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Hallucinogen Persisting Perception Disorder

Also known as Flashbacks

Formerly classified as Post Hallucinogen Perception Disorder, Hallucinogen Persisting Perception Disorder involves re-experiencing the symptoms of hallucinogen without actual taking any of these substances.

What is a hallucinogen? Hallucinogens are drugs that cause distortions in a user’s perceptions of reality. Users often see images, hear sounds, and feel sensations that seem real but do not exist. Some hallucinogens produce rapid, intense mood swings. The most common hallucinogens are LSD, PMA, 2 C-B, peyote, and certain varieties of mushrooms.

The essential feature of Hallucinogen Persisting Perception Disorder (Flashbacks) is the transient recurrence of disturbances in perception that are reminiscent of those experienced during one or more earlier Hallucinogen Intoxications.

The disturbance therefore causes marked distress. Complications of this disorder include suicidal behavior, Major Depression, and Panic Disorder. Main characteristics are:

The re-experiencing, following cessation of use of a hallucinogen, of one or more of the perceptual symptoms that were experienced while intoxicated with the hallucinogen (e.g., geometric hallucinations, false perceptions of movement in the peripheral visual fields, flashes of color, intensified colors, trails of images of moving objects, positive afterimages, halos around objects).

The symptoms cause clinically significant distress or impairment in social, occupational, or other important areas of functioning.

The symptoms are not due to a general medical condition (e.g., anatomical lesions and infections of the brain, visual epilepsies) and are not better accounted for by another mental disorder.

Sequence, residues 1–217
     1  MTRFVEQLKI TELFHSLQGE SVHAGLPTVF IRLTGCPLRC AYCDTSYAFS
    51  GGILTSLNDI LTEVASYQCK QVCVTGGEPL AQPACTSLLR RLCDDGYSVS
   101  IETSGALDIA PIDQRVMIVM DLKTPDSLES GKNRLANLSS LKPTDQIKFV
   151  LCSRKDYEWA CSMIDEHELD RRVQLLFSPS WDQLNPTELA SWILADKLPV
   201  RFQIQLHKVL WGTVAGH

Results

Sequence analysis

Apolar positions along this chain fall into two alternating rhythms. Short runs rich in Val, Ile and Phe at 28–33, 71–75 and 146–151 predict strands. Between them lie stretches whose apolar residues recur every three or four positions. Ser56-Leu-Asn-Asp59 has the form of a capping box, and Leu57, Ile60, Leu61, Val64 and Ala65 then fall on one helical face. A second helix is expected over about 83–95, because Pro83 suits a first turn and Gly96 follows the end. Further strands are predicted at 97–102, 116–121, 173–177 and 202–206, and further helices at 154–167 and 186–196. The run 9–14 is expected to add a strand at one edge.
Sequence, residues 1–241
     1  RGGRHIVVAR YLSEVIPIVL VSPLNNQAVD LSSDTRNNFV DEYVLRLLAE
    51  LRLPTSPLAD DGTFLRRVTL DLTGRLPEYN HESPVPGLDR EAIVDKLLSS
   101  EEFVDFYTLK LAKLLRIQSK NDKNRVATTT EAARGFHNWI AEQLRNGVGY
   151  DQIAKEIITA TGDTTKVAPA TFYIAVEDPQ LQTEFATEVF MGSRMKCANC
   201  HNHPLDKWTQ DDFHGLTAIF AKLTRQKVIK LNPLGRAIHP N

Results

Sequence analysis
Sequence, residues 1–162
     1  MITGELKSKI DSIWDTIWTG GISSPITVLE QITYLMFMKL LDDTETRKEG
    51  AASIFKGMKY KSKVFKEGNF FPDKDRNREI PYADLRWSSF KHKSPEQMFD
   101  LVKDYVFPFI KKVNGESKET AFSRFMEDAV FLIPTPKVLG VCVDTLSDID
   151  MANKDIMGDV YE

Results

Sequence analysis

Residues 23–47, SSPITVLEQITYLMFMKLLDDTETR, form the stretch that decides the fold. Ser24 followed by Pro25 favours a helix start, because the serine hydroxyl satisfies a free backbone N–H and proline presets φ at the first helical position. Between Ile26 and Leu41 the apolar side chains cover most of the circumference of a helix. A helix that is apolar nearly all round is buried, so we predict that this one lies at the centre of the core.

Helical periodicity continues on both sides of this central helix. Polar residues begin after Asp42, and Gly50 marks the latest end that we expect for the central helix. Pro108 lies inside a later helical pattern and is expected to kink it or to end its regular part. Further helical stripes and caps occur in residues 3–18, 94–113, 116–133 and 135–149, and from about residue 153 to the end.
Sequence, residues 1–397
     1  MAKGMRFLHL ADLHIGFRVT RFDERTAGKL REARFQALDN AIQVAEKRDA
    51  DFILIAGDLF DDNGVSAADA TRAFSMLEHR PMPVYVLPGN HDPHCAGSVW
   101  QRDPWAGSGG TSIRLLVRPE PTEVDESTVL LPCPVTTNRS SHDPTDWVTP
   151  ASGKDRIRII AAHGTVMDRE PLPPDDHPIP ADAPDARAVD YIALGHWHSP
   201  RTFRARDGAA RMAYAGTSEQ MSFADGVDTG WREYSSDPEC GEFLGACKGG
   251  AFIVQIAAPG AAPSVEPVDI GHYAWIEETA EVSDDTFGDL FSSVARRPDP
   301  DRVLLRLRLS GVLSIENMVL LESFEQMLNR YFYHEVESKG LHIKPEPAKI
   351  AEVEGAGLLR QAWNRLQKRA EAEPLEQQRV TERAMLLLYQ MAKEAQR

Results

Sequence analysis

Associated Features:

Major Depression
Panic Disorder

Differential Diagnosis:

Some disorders have similar symptoms. The clinician, therefore, in his diagnostic attempt, has to differentiate against the following disorders which need to be ruled out to establish a precise diagnosis.



The origins of this disorder are not known. Some clinicians believe it may be caused by the destruction of inhibitory neurons that regulate and filter sensory information. Another theory states that it could be a form of visual seizures not unlike epilepsy. Since HPPD is a rare disorder, not much research has been devoted to what causes it.


Because HPPD symptoms may be mistaken for other neurological disorders such as stroke or brain tumors, accurate diagnosis is extremely important. There is no established treatment for HPPD, although some antidepressant drugs may reduce the symptoms. Psychotherapy may help patients adjust to the confusion associated with visual distraction and to minimize the fear, expressed by some, that they are suffering brain damage or psychiatric disorder.

Counseling and Psychotherapy [ See Therapy Section ]:

The most important thing is for you to avoid using or abusing psychoactive substances and therefore drug rehab therapy is important factor in coping with the disorder. Treatment is more effective if tailored to suit a person's specific situation and usually involves a combination of methods. The different options include individual counselling, group therapy, medication and supervised/home withdrawal.

Pharmacotherapy [ See Psychopharmacology Section ] :

Pharmacological agents such as clonidine, perphenazine and clonazepan have been shown to ameliorate this syndrome in some of the individuals seeking treatment.

DSM Code

292.89 Hallucinogen Persisting Perception Disorder (Flashbacks),

F16.183 Hallucinogen Persisting Perception Disorder

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Psychotic Disorders: A Practical Guide (Practical) Click Here to View


Hallucinogen Persisting Perception Disorder

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